Kathleen K. Parker
BetterPhoto Member Since: 11/30/2000
  Hi Erica,

I do not store my photos on my computer. I have several hard drives--external---and a zillion DVDs of images as second or third backups of photos I really care about. I do have to say that one of my external hard drives zonked out, but before it did entirely, I grabbed and saved to a new hard drive as many important files as I could. By the way, it was the Iomega that failed. I have Seagate Free Agent, Seagate Passport, and a Western Digital.

I would definitely move to external hd or/and copy the photos to DVDs if you can. Then I would get a techy guy over to work on the stuffed hard drive, keeping my gotta have programs installed if he can do that.

Since my rather new Iomega croaked, I realize now I have to save in at least two places and do this periodically. Also, keep your external hard drives away from dusty places. I think that might have been the killer of the Iomega. Hope it works out well for you, Erica.


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3/23/2010 6:29:27 AM

Erica T. MacDonald   Great, thank you everyone. My computer is a HP using Windows Vista.

I hate to do everything manually, does anyone have a good automated software?



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3/23/2010 6:48:17 AM

Bunny Snow
BetterPhoto Member Since: 11/16/2004
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  I'm an expert only in that I've been in the same position as you, despite my husband being a DBA (who doesn't have time for me).

I took the advice of the BP community and bought external hard drives for downloading my images, so that both the DNG and the raw file aren't both on my C-drive. This helped enormously.

I also used the Windows search engine to locate all the PSD files on my computer because they take up a lot of space and some can be turned into files more space effective.

In addition, I no longer use the largest setting on my camera because that makes for large images which take lots of space. Doing this automatically without pre-thought means getting into trouble, for me. Most of my images are destined for personal web space, anyway.

When I do download them onto the computer, I look at each image first and get rid of the no-brainers --soft focus, burned out highlights, shadows which are too black. Then, only the raw are copied to a pre-named file folder on my external hard drive. This frees up the computer's internal hard drive.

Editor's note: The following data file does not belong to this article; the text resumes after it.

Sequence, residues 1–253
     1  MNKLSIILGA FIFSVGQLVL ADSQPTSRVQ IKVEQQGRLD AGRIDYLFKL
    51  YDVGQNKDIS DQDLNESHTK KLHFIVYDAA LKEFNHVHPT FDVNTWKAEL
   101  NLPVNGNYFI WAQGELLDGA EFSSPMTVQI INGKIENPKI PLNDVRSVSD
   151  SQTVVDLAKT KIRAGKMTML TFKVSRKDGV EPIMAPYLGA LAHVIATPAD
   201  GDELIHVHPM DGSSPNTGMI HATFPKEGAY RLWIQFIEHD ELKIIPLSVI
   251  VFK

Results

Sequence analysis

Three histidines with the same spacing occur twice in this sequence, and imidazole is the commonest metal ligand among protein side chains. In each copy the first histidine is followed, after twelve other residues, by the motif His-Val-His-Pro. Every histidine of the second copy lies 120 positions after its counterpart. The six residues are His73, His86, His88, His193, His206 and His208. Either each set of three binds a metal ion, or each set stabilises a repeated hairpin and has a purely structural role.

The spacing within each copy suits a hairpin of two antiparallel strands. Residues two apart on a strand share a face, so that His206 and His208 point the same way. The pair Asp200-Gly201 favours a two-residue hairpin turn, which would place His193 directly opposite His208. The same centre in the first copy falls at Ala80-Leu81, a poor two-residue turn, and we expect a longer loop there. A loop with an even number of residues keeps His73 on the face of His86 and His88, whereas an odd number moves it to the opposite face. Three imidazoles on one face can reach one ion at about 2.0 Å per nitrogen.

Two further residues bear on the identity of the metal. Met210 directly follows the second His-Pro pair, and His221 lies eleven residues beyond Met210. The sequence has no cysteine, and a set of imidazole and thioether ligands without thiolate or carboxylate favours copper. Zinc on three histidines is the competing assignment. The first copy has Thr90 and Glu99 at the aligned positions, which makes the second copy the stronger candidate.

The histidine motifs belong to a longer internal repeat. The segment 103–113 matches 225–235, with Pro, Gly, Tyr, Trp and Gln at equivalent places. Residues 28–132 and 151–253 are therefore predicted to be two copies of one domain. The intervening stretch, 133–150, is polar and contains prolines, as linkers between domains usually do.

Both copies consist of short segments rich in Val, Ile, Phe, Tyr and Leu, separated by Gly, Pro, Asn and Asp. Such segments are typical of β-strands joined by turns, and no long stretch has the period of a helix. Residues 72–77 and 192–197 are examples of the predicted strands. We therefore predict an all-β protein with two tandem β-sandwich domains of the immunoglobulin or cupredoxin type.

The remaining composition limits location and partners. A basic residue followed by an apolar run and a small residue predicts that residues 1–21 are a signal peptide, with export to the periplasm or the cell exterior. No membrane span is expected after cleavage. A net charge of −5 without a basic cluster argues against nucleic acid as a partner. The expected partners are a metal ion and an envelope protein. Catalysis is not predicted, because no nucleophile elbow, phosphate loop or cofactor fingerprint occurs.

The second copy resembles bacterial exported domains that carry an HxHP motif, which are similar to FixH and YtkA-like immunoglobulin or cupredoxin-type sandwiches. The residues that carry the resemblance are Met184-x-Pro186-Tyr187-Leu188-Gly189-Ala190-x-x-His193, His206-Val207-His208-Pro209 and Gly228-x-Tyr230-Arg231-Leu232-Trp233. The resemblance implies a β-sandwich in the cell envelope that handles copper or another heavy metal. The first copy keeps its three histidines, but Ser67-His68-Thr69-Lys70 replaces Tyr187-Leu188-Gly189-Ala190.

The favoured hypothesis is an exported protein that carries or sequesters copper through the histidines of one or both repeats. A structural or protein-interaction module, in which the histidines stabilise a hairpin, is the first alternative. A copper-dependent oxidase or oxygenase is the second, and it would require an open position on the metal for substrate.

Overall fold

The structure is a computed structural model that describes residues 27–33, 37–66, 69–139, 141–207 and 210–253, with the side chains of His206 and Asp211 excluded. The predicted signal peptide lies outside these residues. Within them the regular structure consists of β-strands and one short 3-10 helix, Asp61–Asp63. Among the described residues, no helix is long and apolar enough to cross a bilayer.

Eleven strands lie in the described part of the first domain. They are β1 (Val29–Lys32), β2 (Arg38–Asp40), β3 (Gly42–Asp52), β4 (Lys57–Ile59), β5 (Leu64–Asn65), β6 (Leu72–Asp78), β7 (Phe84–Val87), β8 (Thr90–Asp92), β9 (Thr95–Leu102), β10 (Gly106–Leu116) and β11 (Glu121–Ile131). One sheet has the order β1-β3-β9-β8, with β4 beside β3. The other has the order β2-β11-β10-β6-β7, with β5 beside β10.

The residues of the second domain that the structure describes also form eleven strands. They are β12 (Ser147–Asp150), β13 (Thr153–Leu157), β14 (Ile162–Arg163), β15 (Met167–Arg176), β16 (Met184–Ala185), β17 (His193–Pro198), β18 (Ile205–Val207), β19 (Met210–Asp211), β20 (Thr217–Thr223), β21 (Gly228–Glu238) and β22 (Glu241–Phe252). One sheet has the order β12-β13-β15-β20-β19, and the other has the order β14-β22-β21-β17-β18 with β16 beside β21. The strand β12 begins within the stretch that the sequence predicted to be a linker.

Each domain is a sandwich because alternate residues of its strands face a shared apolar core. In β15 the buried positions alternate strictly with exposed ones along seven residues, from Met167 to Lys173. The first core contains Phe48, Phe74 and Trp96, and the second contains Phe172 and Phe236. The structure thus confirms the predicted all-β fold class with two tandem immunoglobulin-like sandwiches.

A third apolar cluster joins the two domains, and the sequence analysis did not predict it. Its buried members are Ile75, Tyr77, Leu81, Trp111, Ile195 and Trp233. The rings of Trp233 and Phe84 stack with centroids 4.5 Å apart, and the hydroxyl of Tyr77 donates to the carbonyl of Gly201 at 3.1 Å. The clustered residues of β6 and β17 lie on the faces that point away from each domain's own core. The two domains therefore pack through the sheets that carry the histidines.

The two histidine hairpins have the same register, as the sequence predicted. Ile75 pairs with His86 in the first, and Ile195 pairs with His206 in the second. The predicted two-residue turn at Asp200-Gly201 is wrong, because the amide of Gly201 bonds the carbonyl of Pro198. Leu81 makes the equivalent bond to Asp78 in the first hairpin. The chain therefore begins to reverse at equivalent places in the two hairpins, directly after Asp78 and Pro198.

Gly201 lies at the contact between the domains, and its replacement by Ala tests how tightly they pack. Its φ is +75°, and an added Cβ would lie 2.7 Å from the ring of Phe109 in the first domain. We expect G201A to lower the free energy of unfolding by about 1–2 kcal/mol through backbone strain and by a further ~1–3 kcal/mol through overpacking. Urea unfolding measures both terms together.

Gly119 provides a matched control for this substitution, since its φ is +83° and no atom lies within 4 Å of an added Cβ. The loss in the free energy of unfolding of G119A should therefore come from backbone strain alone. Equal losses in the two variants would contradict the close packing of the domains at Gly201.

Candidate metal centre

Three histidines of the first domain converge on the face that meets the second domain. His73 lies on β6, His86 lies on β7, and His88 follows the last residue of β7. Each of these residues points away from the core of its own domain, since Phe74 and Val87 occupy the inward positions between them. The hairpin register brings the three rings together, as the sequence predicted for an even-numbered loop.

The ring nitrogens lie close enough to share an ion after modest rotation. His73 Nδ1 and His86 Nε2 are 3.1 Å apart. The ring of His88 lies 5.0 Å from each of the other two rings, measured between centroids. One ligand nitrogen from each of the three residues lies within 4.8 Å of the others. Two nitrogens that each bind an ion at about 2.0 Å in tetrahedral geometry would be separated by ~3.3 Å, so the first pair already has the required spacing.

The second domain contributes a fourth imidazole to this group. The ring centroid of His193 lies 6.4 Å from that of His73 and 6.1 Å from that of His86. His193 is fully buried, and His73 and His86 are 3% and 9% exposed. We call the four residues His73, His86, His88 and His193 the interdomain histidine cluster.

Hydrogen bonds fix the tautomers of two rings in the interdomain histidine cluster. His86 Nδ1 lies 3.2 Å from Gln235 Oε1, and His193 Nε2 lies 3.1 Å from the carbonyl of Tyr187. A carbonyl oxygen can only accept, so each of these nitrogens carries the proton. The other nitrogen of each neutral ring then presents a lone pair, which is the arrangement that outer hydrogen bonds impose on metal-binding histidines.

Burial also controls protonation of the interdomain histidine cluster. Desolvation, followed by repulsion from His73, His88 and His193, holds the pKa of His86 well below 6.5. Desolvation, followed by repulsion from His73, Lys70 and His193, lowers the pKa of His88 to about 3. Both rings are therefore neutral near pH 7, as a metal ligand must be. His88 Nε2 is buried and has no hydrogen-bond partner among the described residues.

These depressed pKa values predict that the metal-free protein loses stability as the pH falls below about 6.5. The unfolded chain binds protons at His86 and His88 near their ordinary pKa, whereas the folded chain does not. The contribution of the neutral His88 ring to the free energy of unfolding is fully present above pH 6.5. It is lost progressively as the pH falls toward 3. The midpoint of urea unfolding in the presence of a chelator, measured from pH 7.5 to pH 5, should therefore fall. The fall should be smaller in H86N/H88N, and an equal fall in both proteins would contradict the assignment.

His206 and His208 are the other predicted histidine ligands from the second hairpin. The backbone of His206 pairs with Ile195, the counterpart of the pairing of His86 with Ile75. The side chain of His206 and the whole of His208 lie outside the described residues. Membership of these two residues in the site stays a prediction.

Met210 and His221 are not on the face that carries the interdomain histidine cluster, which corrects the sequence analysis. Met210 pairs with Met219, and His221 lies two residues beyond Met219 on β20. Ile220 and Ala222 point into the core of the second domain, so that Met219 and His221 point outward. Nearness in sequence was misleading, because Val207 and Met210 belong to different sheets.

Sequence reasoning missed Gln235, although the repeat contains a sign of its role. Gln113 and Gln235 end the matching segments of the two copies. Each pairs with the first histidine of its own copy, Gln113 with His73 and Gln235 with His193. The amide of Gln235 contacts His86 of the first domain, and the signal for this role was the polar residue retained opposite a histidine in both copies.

Sometimes working manually protects more than automated software, which cannot think and make the decisions that only you can make.

I also am brain dead when it comes to computers and my husband knows computers but doesn't feel photoshop or my new cameras are important --he's happy with the poor quality images he randomly captures and downloads straight to the web and considers me extreme.

But, I'm learning the hard way to work manually.

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3/23/2010 7:08:18 AM

Frank E. Trinkle
BetterPhoto Member Since: 2/18/2010

If you want some automation and a program that will find all the extraneous stuff that doesn't need to be on your computer, as well as finding any other problems, I strongly suggest System Mechanic from IOLO software ( You can download a free trial that is not hobbled and see if it will help.

Temp files may be clogging your system, as well as cache files. Another common culprit is backup files that your computer may be set to store (and they are BIG). System Mechanic will find much of the problems with space, and if you still have a problem after using it, post here and we'll walk you through the backup deletions.

Let us know how it works out. Cheers

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3/23/2010 1:33:46 PM

Sherry King   Erica,

As someone else suggested, I strongly recommend a computer class. You need to understand how your files are stored and how to do basic file management. Are you using a photo management software program? I have a Mac and am using Aperture (great program), but I also use TimeMachine to do backups. Photoshop's Bridge (I believe) can also help you with photo file management.

You don't need to be a computer expert, but you do need to know how to manage your files. While external drives are cheap, just adding a drive is only a temporary solution. You'll be out of space again soon if you simply add a drive and continue as things are.

Good luck.

PS. Frank is correct regarding the temp and cache files. If you know where to look, these can be cleaned periodically and the cache cranked back on you browser(s). Again, a computer class will help.

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3/23/2010 6:55:03 PM

Carlton Ward
BetterPhoto Member Since: 12/13/2005
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  I also became a MAC user 2 years ago and it is much simpler to use & easier to manage than PC's IMO...

I just received a new 1TB drive and am backing up 600GB of photos now :)
I am going to clean out my older 500GB and use it for Time Machine Backups :)


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3/23/2010 7:01:40 PM